Simon Hale enjoys the Welsh National Opera at Birmingham Hippodrome.
Welsh National Opera
The curtain rises to reveal a long black coffin and a tableau of mourners in top hats and tails. It’s a solemn occasion until the coffin lid suddenly opens and out pops the central character in the opera – happily reading a book.
This is the arresting and intriguing start to Verdi’s Un ballo in maschera (A Masked Ball) as performed in a brand-new production by Welsh National Opera at Birmingham Hippodrome.
The work is based on the real-life assassination of King Gustavus III of Sweden in 1792 but because regicide represented on stage was forbidden in his day, Verdi moved the action to Colonial Boston. WNO director David Pountney takes the action back to the true location, hence the rousing chorus of citizens waving giant yellow and blue flags, even though the names of the characters haven’t changed.
That same red book that Gwyn Hughes Jones as Governor Riccardo (Gustavus) keeps flicking through gives a clue as to his intention of creating an opera within an opera. It’s an ingenious device by the director to reveal the events and psychology behind his murder and his feelings for those responsible.
The story is expressed in glorious gothic horror. Macbeth is just one influence as Riccardo ignores the deathly prophecy of the fortune teller Ulrica (Sarah Fulgoni) whose acolytes sing and dance dressed as skeletons with axes through their heads and swords through their spines, while sticking pins in voodoo dolls.
Ghoulishness aside, there’s a deeply touching love story with Riccardo in love with Amelia (Mary Elizabeth Williams), the wife of his trusted adviser and best friend Renato (Roland Wood), all set against a backdrop of conspiracy. When Amelia visits Ulrica to find a cure for her passion for Riccardo, she is told to visit a set of gallows at midnight where she will find a curing herb. What she finds is Riccardo and the two go on to sing the most beautiful of love duets.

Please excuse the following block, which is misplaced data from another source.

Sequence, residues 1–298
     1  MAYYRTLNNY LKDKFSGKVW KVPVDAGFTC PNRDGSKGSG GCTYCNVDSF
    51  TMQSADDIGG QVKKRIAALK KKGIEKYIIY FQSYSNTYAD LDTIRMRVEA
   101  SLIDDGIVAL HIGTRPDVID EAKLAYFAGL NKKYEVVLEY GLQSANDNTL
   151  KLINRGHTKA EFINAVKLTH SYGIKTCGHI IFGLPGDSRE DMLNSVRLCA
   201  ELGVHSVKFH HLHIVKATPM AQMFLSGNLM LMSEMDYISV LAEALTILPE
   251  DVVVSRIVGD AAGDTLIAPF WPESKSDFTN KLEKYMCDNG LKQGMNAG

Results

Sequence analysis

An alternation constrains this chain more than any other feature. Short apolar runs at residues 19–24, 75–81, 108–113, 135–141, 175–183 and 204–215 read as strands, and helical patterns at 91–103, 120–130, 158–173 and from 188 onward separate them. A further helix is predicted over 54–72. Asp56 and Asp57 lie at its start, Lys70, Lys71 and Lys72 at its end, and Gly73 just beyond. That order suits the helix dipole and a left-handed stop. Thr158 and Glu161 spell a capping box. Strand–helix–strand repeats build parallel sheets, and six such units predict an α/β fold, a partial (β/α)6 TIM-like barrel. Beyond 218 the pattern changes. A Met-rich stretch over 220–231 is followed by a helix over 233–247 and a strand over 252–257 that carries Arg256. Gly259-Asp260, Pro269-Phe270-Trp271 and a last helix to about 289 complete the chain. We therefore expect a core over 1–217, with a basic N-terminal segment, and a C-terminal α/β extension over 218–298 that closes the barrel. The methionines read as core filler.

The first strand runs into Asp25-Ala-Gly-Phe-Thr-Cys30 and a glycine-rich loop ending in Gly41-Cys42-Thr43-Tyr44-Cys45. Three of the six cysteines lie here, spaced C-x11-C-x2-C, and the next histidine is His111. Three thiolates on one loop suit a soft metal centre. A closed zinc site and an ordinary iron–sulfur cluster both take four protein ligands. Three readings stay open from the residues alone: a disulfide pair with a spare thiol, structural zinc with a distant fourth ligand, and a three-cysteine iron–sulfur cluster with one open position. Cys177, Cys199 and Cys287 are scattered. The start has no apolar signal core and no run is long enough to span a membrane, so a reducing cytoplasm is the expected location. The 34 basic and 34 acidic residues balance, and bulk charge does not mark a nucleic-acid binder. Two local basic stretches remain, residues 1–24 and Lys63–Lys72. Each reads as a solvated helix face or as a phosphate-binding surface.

With its themes of love, deception and murder, moveable panels successfully create a split stage on which the audience, but not certain characters, can follow all the machinations. It’s a pity the stage hands nodding their instructions to each rather spoilt the effect (there seemed to be enough cast to handle the job).
When Renato stumbles upon the couple, Amelia finally feels compelled to remove the veil she has placed over her face to hide her identity to Renato and two conspirators. His thoughts of murdering his wife turn to whom he really feels responsible for his shame and he enters a ghoulish lottery to be the killer. That leads us to a ghoulish ball where a dance macabre is about to end in horror – while not necessarily leaving us all the wiser.
Sarah Fulgoni could have brought more of the sinister to Ulrica, but this is an otherwise outstanding production with singing and acting of the highest quality from all the main characters. That’s not forgetting Julie Martin du Thiel in the trouser role of Oscar the page who brings welcome humour as an impish go-between. Excellent too is the WNO Orchestra under Carlo Rizzi in performing Verdi’s tuneful and stirring score.
Welsh National Opera returns to Birmingham Hippodrome from November 5th to 9th for performances of Carmen, Rigoletto and The Cunning Little Vixen. It’s worth booking now on 0844 338 5000 (www.birminghamhippodrome.com).
WNO will perform Un ballo in maschera at Milton Keynes Theatre on March 27th, Theatre Royal Plymouth on April 3rd, Bristol Hippodrome on April 10th, and Venue Cymru, Llandudno on April 24th.
Pics – Bill Cooper